Thursday, May 7, 2015

Northern California Spotlight: Teddy and His Patches - Suzy Creamcheese/From Day to Day

Day five of our Nor Cal Battle of the Garage Bands has the flipsters spinning both sides of a 1967 single that can only be described as brilliantly depraved.

The record is Suzy Creamcheese which was comped on Pebbles Vol. 3. That's where I first heard it. Not long after I heard it on the low-fi Pebbles comp -- and had it indelibly etched into my memory -- I found the dang record in a little strip mall record store in Sacramento, CA. I recall turning that thing over in my hands time and time again trying to comprehend what I was holding. It probably cost me a buck. Maybe two. Check out the picture, it even came with what I assume is the original paper sleeve from Campi's Music Shop in San Jose. All the way from the Valley Fair Mall. Way cool to a vinyl geek like me.

At the time of my find (1984?) I didn't know much about Teddy nor any of his Patches, but time and the internets has shown the band was fronted by singer Teddy Flores. Teddy, it would seem, had a patch over one eye (the one he apparently lost to cancer as just a wee depraved singer). Suzy Creamcheese and From Day to Day were each written by the keyboard player, Dave Conway. According to an interview in 60sgaragebands.com, the remaining members were Steve Marley on drums, Steve Urbani on bass and Bernie Pearson on guitar. Here is Steve Marley as interviewed by 60sgaragebans.com:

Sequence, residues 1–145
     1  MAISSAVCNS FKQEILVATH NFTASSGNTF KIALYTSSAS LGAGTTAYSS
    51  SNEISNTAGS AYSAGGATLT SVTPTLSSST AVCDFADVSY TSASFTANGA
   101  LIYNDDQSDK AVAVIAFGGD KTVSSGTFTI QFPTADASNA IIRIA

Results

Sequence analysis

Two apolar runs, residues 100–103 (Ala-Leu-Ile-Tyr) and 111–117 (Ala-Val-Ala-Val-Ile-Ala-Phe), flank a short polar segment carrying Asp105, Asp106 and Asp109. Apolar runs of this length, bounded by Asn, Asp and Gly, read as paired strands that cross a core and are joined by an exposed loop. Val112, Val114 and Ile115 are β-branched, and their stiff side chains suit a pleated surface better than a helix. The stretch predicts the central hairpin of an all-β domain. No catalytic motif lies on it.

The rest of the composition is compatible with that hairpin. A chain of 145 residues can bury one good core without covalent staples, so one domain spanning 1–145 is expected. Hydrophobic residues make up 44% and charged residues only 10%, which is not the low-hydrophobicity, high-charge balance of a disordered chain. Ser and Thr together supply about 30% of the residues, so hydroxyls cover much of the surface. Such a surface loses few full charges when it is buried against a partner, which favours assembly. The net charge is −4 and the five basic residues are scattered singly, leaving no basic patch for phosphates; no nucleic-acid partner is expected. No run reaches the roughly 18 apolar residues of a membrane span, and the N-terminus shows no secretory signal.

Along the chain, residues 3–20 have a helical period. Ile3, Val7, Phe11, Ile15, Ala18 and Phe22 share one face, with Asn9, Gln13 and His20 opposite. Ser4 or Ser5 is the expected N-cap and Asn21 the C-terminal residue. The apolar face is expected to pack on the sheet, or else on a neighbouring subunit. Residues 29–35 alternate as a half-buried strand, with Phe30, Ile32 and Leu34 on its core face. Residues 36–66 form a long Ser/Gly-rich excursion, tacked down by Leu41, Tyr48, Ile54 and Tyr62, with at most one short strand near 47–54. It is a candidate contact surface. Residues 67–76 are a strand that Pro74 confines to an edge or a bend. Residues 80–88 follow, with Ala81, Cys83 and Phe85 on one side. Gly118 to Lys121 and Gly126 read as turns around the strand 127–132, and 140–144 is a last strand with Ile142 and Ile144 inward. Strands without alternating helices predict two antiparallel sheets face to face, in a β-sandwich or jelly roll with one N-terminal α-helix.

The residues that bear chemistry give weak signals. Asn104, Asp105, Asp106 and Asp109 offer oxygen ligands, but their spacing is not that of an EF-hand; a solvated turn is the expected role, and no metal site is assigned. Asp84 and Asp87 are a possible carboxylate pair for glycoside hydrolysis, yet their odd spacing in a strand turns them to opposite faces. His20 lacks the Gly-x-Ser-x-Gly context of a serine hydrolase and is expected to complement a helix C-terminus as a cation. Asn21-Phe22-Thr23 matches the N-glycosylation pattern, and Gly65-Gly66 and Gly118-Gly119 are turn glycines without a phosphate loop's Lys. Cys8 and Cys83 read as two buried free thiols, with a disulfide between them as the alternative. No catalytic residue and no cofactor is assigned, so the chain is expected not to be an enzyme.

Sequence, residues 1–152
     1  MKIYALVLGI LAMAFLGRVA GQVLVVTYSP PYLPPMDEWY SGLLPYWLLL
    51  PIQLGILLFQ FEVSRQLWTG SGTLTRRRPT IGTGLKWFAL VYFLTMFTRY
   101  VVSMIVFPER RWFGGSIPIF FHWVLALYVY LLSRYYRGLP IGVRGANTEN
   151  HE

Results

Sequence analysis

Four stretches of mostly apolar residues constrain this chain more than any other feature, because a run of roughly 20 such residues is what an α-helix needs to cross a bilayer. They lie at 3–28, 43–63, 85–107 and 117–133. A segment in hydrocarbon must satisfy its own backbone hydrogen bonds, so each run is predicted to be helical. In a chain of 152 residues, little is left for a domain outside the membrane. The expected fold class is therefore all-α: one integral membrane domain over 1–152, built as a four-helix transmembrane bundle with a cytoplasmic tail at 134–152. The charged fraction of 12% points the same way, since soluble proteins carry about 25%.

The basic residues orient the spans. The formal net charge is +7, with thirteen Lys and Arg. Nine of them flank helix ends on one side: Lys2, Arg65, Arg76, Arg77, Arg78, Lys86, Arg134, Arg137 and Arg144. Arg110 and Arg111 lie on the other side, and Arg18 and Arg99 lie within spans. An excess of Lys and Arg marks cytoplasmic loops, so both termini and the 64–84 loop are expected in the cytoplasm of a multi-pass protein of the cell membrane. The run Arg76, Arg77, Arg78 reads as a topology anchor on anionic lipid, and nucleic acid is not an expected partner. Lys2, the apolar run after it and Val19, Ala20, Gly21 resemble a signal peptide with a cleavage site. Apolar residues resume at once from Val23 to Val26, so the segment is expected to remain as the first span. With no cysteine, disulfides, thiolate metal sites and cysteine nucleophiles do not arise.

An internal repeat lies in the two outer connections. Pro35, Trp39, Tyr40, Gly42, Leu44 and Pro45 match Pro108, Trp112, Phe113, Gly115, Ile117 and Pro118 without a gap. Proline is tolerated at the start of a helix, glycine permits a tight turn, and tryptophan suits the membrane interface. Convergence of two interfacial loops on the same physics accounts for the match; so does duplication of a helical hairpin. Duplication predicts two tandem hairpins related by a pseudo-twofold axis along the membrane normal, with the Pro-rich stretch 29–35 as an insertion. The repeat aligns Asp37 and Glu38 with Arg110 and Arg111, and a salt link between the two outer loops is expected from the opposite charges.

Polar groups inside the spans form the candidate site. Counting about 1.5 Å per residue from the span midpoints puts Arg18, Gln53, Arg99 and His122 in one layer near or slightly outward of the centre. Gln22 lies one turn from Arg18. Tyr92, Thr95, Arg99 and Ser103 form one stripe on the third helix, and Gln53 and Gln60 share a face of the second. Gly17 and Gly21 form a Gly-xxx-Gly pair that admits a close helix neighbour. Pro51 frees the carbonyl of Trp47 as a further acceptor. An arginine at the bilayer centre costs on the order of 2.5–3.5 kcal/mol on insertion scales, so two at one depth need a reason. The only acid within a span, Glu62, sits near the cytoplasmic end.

...[the] recording was done at TIKI Studios on 17th Street in San Jose.....'Suzy Creamcheese,' was recorded live in the studio on a four track Ampex, without overdubs. The psychedelic whoops heard on the track were part of the live recording, with Teddy moving from a studio mic to a hand held PA mic that was plugged into an old Fender tape-loop echo feeding back through a PA monitor. The whole thing was recorded without a single overdub or edit...and in just three or four takes total. That record received considerable airplay in California, thanks to helpful independent radio stations and actually charted #1 in Salinas/Monterey and Santa Maria/San Luis Obispo.
I took my load of 7 inches back to the record store at which I worked in a nearby town and spun this gem for all to be subjected. Suzy Creamchee starts with a trippy intro (with a Mothers of Invention reference) which gives way to a pounding beat and a heavy organ. Soon it gives way to a swirling, echo drenched rave-up with space noises and manic drumming. And then the coolest part...it all breaks down to a slow, two chord organ riff as Teddy entices us take a trip on his mind. Then I flipped it over and, for the first time, heard the great Flip-Side, From Day to Day. Damn near as cool. Maybe cooler. I'm not sure. Discuss. Very low-fi.

The funny thing is, sometimes you hear these records and you think, "damn, those guys must have been wild! Hipper than hip." And then you see their picture. 
Until next time, we'll se you On The Flip-Side!

15 comments: